Things to remember are:
- Aim to write roughly a third on
- why you want to study the subject you have chosen
- what you particularly enjoy about the courses you are studying
- what else you do/qualities you possess.
- Don’t worry if what you write feels like boasting, you are trying to sell yourself. Include contributions you have made to sixth form life, even if you can only put prefect duty, and add extracurricular activities though don’t include socialising or watching television, those will be assumed.
- Make sure everything is specific e.g. explain what your personal study is on and why it interests you; don’t just say “I enjoy coursework”. Avoid any unsubstantiated statements, always give the evidence. Don’t pad it out just to fill up the space and use your usual style and vocabulary, don’t try to impress by using “elevated diction” (grand sounding words).
- Say what skills you have acquired e.g. our AVCE studies have meant that you have learned to organise your work, take responsibility for it and meet deadlines. Your work as a check out worker at Tesco has taught you to work in a team and to work under pressure without panicking.
- Remember that if you have an interview you may be asked questions on what you have put in your personal statement, so don’t be too fanciful – say what you have done, not what you may get round to.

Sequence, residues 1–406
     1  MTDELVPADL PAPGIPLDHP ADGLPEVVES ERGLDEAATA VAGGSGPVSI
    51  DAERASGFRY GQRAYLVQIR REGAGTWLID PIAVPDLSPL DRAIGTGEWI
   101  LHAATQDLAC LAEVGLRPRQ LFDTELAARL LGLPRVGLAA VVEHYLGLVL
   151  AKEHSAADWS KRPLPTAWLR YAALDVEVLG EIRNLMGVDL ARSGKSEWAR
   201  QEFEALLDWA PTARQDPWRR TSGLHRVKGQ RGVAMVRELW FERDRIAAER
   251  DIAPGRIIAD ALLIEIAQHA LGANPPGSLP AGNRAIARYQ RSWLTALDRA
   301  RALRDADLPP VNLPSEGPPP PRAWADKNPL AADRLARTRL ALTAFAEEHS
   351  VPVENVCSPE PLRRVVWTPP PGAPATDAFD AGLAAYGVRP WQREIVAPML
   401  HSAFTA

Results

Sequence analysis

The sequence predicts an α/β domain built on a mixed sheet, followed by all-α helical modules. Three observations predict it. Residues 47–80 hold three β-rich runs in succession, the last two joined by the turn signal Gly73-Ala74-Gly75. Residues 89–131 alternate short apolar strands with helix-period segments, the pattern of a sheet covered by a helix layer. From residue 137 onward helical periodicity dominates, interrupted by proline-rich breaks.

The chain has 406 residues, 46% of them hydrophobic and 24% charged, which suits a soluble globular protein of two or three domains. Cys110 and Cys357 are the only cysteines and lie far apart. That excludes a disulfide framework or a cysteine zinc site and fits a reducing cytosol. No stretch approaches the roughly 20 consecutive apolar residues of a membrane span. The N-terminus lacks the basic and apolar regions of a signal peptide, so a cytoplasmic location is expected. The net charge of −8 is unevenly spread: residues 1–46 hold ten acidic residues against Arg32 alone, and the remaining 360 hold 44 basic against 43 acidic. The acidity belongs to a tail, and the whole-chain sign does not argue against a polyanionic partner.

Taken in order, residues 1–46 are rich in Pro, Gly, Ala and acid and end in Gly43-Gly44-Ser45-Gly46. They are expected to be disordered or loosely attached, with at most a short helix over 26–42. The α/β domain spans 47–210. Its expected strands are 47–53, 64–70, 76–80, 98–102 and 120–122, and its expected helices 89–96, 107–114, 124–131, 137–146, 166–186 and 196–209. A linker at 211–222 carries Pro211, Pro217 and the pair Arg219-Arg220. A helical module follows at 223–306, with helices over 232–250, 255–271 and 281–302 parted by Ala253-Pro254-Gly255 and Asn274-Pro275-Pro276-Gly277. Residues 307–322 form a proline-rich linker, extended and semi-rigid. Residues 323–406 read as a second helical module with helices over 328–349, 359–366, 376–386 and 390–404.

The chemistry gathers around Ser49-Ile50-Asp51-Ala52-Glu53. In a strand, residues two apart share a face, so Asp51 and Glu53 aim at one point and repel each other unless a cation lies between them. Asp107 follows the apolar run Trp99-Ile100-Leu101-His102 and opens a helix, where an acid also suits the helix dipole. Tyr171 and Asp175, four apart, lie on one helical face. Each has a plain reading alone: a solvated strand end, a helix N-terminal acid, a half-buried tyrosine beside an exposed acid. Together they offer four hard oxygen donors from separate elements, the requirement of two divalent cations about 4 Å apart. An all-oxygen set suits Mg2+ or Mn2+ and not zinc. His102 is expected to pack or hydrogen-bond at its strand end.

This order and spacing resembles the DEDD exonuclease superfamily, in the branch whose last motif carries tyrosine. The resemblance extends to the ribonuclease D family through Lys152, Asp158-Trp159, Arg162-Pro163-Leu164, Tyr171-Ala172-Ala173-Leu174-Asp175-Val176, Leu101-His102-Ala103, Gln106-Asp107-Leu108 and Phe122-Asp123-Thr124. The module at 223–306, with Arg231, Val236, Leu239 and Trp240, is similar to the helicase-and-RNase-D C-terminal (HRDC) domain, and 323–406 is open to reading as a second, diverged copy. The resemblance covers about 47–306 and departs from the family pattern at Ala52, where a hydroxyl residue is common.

- Check the spelling, punctuation and grammar really carefully. Mistakes look like carelessness and your Personal Statement may make the difference between you and someone else with the same predicted grades.
- There is no spell check on the electronic application system, so write your statement in word, use the spell check and paste onto your application. Use nothing smaller that 12 point font, and the limit for lines is 47.
- Try to be interesting and different without being outrageous. A personal statement which makes you sound lively, alert, interested, energetic and different from all the others will stand you in good stead.
Advice on writing a Personal Statement
There is no ideal or recommended way to structure your response to this section. However, you should consider using paragraphs and/or headings in your presentation for the benefit of admissions tutors. Please ensure that your personal statement and educational background cover all your activities. We suggest that our information should include some or all of the following:
- your reasons for choosing the course(s) listed in section 3
- the background to your interest in the subject(s) you wish to study
- any employment, work experience or placement, or voluntary work, especially if relevant to your choice of course/subject
- other forms of evidence of achievement.
- Duke of Edinburgh’s Award etc.
- particular interests you have in your current studies
- your career aspirations
- details of any non-examined subjects which you are studying
- details of any industrial or professional sponsorship or placements which you have secured or applied for
- if you are planning to do so, your reasons for applying for deferred entry and your plans for the following academic year.
- your social, sporting or other interests and activities.
The website is www.ucas.com- you need to register. You will be asked for a buzzword; Sir Graham Balfour’s buzzword is sausages.
Take care when writing your Personal Statement!
Deferred Entry – Taking a Gap Year
Many students decide to take a year off from their studies. They take what has now become known as the “gap year” and when you apply to universities you can indicate on the UCAS form that you would like to be considered for a deferral entry. This is a question you should ask universities when you go to UCAS conventions and exhibitions.